Step 7: Cooling the Wort

Congratulations! At this point you have wort (pronounced wert). Wort is simply unfermented beer. Quicker is better when it comes to cooling. One method for cooling is to create a cold water bath in the sink to partially submerse the brew pot in. Adding ice to the bath will help accelerate the cooling process. Gently swirl the brew pot in the cold bath water. Once the sides of the brew pot become cool to the touch you're ready for the next step but first a word on sanitation.

Sanitation is very important in brewing. Anything that comes in contact with your cooled wort must be sanitized else you run the risk of undesireable critters living and multiplying in the wort only to contribute nasty unintended flavors in your beer. You've sanitized your strainer in the boil, right? Your fermentation bottle is sanitary because you just opened it and capped it after using water from it, right? Your funnel and anything else to come in contact with the wort can be sanitized by soaking in a solution of 1 tablespoon of bleach per gallon of water for 30 minutes.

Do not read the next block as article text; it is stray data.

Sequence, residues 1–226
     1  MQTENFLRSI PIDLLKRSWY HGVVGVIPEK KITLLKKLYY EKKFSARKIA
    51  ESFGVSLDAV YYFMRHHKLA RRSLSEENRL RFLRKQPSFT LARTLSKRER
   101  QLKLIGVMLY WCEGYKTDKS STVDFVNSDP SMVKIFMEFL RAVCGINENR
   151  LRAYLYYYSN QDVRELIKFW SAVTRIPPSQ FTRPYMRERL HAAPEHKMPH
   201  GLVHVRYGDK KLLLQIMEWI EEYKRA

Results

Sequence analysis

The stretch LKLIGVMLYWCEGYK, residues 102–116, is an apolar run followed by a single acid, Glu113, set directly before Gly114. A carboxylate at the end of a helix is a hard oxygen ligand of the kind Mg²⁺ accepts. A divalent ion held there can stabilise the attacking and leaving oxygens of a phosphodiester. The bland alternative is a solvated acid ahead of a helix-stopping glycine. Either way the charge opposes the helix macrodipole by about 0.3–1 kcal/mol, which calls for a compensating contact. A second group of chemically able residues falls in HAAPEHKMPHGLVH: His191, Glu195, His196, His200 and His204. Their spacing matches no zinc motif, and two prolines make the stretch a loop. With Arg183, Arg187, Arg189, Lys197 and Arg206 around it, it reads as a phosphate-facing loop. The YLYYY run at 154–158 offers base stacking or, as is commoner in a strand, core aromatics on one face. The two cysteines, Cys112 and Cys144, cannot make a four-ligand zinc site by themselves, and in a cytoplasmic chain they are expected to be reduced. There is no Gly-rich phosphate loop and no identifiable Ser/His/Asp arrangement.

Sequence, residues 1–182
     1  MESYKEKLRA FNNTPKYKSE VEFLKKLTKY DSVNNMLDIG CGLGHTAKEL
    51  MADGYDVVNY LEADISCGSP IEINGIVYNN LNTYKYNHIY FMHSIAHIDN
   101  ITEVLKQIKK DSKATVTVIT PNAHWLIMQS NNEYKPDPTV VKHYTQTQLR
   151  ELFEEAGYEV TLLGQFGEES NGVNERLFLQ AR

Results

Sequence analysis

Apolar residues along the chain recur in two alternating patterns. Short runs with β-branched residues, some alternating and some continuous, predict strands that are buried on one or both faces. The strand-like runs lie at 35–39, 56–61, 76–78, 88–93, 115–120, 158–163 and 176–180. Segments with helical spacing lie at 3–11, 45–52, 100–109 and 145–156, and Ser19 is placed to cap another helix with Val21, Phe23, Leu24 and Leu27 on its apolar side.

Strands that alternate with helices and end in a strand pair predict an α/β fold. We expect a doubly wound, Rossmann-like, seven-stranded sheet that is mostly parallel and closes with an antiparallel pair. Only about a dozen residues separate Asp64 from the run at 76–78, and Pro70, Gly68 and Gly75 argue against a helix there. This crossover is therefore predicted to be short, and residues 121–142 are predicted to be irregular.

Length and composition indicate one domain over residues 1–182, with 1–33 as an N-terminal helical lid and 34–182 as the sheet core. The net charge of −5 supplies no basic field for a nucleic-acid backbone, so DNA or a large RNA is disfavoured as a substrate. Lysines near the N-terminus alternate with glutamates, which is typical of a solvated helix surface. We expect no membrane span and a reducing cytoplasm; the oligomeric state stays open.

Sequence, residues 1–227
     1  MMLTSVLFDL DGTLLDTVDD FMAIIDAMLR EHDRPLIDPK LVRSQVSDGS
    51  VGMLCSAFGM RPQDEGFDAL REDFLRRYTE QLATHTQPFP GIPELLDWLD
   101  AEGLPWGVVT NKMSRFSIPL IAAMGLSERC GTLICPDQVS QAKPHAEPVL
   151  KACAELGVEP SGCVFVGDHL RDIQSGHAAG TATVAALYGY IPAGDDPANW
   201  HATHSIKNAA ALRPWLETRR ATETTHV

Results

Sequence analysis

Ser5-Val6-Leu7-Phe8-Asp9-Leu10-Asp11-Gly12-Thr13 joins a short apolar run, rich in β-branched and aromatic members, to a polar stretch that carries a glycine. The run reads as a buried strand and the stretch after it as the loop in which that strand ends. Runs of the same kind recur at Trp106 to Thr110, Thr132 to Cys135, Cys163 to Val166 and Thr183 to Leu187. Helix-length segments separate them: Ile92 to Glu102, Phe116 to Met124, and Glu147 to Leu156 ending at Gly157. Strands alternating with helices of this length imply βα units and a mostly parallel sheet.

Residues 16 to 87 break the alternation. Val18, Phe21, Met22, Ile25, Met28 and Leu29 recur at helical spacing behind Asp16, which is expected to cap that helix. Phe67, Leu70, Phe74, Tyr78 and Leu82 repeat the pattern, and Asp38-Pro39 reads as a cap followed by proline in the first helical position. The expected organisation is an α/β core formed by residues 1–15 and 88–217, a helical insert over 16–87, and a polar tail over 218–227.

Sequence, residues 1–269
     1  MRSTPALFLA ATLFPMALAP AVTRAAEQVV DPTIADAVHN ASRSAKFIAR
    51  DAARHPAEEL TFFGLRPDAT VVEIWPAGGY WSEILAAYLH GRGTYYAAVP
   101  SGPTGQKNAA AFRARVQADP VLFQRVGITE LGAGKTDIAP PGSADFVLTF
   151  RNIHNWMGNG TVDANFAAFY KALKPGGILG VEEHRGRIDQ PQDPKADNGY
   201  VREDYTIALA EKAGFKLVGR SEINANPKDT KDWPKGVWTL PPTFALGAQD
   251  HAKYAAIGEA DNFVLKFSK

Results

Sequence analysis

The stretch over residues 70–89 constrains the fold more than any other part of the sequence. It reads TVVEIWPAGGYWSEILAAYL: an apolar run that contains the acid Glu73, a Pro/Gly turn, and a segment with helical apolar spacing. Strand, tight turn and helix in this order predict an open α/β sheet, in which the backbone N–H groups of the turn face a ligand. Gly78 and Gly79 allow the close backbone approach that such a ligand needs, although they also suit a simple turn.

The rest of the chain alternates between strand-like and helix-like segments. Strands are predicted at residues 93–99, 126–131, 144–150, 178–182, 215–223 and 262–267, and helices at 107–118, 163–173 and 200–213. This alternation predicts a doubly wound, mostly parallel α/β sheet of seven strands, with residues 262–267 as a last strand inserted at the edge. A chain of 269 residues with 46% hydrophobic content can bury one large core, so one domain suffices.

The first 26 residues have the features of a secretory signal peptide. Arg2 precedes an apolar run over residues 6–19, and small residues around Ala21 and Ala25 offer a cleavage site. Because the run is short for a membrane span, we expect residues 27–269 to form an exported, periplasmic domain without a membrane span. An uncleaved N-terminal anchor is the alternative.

frosh26262 years ago
If I wanted to make a fruit beer, at what point would I add fruit?
iddqd1386 years ago
Just one comment: if you use bleach, use cold water and then rinse with lots of how water. Iodophor is probably better though.
Goodluck6 years ago
Sanitize! One can not oversanitize one's equipment. Include that airlock from the last step. It must go through the bleach solution or a commercial sanitizer. Do not attempt to boil it. It will distort from the heat - experience speaking here!
el kabong9 years ago
There is a kitchen thermometer listed on the equipment list, might as well use it. Try to hit arounf 70-75 degrees before moving on to the next step. Sanitation is well emphasized, so make sure you either soak that thermometer in a weak bleach solution as suggested, or throw it in during the last few minutes of the boil.